Pots are suspended, one under the one above, for three layers.  The pots are filled with a lightweight artificial mixture of manure, perlite and vermiculite.  Our garden guru uses composted horse manure obtained from a friend but you can also purchase composted manure at most garden centers.  The other two ingredients for this mix are easy to find too.

 

Mr. Alden grows just about all popular garden crops in his intensive container gardens.  The ten-inch pots can accommodate one large tomato plant.  The tomatoes are not staked and they have plenty of room to produce.  One pepper plant can produce lots of fruit also. Other alternatives in a container are three strawberry plants, three of beans and peas, several large onions or many, many scallions that can fit in these pots.  At the lower levels, three sweet corn stalks can grow upright from one pot or several potatoes can be harvested in this small size container.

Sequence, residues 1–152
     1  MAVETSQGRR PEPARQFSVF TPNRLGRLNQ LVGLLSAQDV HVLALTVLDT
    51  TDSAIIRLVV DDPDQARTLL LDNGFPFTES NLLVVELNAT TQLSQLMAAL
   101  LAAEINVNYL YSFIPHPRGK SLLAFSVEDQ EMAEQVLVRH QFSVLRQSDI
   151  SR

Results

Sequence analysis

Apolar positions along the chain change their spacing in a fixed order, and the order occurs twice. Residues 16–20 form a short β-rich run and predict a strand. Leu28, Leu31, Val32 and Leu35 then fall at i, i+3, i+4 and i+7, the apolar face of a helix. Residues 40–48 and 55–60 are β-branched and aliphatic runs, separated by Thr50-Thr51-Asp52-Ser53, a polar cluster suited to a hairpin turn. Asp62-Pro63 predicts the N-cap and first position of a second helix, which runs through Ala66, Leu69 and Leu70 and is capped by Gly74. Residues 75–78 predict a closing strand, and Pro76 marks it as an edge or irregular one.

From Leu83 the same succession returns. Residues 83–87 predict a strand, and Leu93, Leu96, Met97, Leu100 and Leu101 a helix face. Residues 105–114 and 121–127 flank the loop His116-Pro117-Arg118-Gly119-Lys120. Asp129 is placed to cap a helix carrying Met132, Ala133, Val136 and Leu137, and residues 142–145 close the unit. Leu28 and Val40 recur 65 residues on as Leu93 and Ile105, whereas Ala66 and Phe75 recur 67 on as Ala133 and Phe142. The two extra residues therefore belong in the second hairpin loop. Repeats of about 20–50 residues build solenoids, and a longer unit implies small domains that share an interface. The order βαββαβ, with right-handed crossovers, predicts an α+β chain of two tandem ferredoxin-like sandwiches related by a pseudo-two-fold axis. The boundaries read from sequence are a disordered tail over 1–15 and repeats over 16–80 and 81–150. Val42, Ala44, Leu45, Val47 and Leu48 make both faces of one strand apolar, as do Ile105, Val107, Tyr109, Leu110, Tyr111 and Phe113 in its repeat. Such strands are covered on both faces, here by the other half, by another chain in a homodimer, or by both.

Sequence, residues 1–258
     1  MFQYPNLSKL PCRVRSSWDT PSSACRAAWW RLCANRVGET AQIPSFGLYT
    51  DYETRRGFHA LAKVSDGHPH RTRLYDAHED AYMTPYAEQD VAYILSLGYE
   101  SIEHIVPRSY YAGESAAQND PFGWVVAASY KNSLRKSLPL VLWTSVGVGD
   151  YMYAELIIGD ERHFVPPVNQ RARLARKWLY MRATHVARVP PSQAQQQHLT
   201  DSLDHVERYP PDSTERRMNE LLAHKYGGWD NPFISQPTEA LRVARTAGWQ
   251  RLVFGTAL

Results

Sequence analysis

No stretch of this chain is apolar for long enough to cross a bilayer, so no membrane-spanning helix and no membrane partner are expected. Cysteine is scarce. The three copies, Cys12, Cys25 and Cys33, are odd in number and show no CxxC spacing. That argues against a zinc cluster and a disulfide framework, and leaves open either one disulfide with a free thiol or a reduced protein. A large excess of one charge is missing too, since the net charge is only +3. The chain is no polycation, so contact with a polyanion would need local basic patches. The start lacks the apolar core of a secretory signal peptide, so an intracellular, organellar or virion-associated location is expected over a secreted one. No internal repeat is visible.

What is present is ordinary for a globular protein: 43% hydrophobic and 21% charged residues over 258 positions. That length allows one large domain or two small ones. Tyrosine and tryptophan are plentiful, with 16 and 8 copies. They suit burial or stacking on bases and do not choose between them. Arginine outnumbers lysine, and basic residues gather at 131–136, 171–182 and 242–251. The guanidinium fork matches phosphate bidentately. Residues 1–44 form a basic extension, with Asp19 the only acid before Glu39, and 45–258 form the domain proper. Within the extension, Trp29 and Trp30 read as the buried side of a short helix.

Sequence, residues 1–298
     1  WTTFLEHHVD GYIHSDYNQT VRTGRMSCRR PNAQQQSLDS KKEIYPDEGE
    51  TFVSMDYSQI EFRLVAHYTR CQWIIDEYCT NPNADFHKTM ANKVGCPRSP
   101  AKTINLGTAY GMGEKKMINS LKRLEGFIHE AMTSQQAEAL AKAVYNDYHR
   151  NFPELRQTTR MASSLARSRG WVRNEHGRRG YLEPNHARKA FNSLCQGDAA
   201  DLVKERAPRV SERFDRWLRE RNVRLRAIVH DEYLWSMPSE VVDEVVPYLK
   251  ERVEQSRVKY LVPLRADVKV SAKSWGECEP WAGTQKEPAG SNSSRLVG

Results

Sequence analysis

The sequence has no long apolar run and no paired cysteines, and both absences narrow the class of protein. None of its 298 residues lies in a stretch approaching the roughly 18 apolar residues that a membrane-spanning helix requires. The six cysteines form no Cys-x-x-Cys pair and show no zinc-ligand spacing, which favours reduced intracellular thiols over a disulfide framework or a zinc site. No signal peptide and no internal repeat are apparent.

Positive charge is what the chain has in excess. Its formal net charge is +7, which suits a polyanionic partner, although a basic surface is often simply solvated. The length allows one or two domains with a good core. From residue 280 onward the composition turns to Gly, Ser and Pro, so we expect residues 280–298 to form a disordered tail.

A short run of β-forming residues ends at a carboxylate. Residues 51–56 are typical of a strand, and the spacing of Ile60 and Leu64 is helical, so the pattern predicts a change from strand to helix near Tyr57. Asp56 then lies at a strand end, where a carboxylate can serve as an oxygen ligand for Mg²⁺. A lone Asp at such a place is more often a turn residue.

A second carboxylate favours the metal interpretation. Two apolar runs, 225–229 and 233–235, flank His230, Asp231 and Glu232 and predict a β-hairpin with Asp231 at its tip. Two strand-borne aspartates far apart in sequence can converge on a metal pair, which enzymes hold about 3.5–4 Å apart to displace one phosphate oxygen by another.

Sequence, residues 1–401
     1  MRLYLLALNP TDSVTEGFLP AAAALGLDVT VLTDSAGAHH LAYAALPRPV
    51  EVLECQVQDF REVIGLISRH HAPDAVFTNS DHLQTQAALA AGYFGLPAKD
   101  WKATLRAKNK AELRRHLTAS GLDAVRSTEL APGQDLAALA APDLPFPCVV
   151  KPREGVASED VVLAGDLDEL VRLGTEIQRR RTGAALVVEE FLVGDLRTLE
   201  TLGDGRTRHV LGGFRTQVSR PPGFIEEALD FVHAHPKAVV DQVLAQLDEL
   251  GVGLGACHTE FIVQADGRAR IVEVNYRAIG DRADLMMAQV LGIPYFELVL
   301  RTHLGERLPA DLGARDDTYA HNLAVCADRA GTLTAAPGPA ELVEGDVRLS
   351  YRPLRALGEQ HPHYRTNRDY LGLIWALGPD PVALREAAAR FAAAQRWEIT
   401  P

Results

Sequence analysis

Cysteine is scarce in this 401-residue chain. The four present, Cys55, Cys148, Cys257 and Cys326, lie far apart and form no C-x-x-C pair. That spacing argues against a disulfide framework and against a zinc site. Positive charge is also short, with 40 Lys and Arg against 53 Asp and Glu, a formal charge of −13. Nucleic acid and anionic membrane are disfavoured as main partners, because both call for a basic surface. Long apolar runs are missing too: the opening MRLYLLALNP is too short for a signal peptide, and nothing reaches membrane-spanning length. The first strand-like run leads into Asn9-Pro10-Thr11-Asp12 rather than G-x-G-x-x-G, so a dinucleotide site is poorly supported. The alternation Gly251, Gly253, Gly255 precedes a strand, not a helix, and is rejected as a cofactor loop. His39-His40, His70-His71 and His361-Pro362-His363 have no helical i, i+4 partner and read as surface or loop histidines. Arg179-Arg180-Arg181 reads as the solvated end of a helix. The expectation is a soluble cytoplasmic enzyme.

Add up costs and benefits

In addition to saving space, this gardening method gets fungus-susceptible plants up where air circulation is available – reducing the need for fungicides.  Note that this is also a good way to grow cukes and melons too, although you may need to support heavy melons.   Mr. Alden places them near a fence to provide horizontal supports for the vines.

 

There is an initial start-up cost for this method—timbers, pipe, pots and potting mix, but the cost is pretty low.  There are wholesale suppliers for pots and timbers are not expensive.  It may be possible to ask friends and neighbors or see if growers may have lightly used materials that they can give you.  Mr. Alden uses a drip irrigation system but a watering can would suffice for a small garden.

 

If  you are interested in learning more about this gardening method, please contact the Extension office.  We are thinking about a series of vertical gardening workshops if there are some takers.  There is still time this season to grow some cool-season crops and warm-season crops like tomatoes can be planted up to March.  That will help fill up your table and leave you plenty of produce for that Blue ribbon exhibit for the Okeechobee County Fair!